Via the The Library of Congress "Primary sources are the raw materials of history-original documents and objects which were created at the time under study. They are different from secondary sources, accounts or interpretations of events created by someone without firsthand experience." via Teachinghistory.org "Primary sources are materials directly related to a topic by time or participation. These materials include letters, speeches, diaries, newspaper articles from the time, oral history interviews, documents, photographs, artifacts, or anything else that provides first hand accounts about a person or event." Further, this article goes on to explain and exemplify how , "some materials might be considered primary sources for one topic but not for another."
Primary sources are treasured for being as close as we can get to an historical event without actually being there. However, it's important to keep in mind that individually, without context or secondary analysis, they may be exaggerated, biased, inaccurate or even falsified. Critical analysis and evaluation is especially important.
From The Library of Congress
Making Sense of Evidence
About Primary Source Portals
Historical primary sources created prior to popular use of the internet must be "digitized", photographed and uploaded to a database which can be accessed via the web. Due to the vast collections held by National institutions, such as museums and libraries, only a fraction of their resources have been digitized; it is an ongoing process. Shared here are the digitized collections from the institutions where the original primary source exists, in addition to partner organizations, who aggregate and curate resources from multiple institutions for easier public access, in addition to special interest curated collections.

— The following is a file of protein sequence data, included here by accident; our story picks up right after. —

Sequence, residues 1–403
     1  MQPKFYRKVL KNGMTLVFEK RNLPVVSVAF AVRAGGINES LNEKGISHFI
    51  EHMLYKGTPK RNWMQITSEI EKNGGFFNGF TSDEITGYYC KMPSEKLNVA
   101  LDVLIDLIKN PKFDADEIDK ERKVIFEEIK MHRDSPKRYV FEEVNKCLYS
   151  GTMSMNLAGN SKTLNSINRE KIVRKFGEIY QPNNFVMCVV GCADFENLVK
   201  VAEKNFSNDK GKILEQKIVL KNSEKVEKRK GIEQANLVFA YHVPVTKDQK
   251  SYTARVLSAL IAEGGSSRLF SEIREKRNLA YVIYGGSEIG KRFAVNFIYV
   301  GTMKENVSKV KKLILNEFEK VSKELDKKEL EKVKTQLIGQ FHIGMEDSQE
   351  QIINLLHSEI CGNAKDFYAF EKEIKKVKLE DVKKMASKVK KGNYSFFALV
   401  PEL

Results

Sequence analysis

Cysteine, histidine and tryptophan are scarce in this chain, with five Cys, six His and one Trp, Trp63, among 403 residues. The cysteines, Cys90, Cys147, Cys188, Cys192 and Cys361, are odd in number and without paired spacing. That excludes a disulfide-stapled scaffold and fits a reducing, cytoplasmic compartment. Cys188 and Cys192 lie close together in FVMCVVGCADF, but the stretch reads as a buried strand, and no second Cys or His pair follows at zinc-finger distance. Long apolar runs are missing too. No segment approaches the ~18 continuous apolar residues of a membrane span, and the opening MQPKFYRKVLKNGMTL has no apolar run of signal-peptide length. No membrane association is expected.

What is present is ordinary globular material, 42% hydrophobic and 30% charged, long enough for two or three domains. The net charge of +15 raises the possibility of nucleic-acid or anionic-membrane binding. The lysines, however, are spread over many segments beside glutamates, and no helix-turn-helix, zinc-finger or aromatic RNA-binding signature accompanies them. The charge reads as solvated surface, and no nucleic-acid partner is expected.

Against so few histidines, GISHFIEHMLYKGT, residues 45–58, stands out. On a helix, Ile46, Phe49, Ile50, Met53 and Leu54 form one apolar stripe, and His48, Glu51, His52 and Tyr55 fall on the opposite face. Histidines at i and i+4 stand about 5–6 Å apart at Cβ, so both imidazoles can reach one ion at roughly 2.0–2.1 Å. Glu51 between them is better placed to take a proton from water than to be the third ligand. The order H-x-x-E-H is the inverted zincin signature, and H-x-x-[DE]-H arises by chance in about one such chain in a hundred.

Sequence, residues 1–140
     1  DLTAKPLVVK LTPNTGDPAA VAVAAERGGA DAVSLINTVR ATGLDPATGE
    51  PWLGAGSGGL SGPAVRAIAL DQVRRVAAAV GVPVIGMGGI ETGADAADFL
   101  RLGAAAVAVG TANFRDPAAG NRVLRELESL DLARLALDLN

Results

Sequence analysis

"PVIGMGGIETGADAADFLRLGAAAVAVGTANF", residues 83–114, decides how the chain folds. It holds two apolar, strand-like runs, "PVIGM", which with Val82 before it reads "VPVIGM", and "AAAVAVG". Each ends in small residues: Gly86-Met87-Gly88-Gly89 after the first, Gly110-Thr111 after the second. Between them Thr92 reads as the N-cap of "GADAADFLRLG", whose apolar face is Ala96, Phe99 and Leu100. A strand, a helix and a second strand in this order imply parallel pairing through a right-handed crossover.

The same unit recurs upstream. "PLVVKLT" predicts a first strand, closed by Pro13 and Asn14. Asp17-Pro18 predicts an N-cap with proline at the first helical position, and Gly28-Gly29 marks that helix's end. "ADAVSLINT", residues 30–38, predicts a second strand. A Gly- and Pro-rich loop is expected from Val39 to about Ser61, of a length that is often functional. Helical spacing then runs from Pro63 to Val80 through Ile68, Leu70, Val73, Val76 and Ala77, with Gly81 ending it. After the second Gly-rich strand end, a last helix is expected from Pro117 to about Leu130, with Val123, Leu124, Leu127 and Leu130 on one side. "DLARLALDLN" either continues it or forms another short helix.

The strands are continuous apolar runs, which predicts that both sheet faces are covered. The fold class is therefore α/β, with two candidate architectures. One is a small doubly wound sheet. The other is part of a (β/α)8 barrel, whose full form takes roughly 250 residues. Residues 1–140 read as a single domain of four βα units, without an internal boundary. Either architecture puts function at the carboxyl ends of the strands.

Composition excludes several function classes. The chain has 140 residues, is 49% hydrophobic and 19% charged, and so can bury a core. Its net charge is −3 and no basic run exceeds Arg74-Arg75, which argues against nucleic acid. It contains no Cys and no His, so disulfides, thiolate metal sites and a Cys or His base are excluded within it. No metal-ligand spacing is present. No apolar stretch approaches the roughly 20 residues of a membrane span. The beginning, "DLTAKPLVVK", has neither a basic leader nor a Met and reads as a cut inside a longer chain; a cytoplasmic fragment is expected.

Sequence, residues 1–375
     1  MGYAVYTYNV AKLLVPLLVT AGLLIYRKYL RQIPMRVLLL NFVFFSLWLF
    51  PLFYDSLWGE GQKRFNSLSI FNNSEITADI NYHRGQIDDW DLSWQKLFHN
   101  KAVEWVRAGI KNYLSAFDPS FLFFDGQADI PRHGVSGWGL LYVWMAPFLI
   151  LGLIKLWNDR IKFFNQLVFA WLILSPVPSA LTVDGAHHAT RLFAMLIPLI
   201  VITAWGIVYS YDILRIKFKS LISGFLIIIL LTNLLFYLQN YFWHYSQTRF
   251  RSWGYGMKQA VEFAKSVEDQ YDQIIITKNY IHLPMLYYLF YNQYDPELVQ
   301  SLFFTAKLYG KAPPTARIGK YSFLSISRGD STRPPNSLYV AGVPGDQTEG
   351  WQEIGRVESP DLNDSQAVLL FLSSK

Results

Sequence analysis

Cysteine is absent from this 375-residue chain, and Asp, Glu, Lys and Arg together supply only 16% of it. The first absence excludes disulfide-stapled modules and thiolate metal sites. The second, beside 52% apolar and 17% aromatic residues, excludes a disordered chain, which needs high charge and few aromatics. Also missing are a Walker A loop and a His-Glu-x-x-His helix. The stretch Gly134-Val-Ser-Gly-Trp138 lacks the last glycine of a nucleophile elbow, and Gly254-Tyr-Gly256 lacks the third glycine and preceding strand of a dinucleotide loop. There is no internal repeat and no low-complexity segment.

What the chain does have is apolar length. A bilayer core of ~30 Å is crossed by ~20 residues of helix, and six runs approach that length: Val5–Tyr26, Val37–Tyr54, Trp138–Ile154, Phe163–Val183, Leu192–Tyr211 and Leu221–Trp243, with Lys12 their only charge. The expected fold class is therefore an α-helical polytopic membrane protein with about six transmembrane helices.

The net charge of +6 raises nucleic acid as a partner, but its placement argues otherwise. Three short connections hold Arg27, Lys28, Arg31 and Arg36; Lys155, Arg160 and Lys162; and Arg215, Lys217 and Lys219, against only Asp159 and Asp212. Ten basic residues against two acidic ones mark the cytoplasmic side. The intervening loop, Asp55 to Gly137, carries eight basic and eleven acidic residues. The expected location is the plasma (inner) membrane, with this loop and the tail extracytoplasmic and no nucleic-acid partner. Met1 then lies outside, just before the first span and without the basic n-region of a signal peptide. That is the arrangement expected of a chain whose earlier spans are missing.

US Primary Source Collections
The Digital Public Library of America
The Digital Public Library of America (DPLA) is an all-digital library that aggregates metadata — or information describing an item — and thumbnails for millions of photographs, manuscripts, books, sounds, moving images, and more from libraries, archives, and museums across the United States
The Library of Congress is the largest library in the world, with millions of books, recordings, photographs, newspapers, maps and manuscripts in its collections. The Library is the main research arm of the U.S. Congress and the home of the U.S. Copyright Office
National Archives is the U.S. Government’s collection of documents, (firsthand facts, data, and evidence from letters, reports, notes, memos, photographs, and other primary sources), that records important events in American history.
Search the National Archives by historical period & document type
National Archives: 100 Documents that Shaped America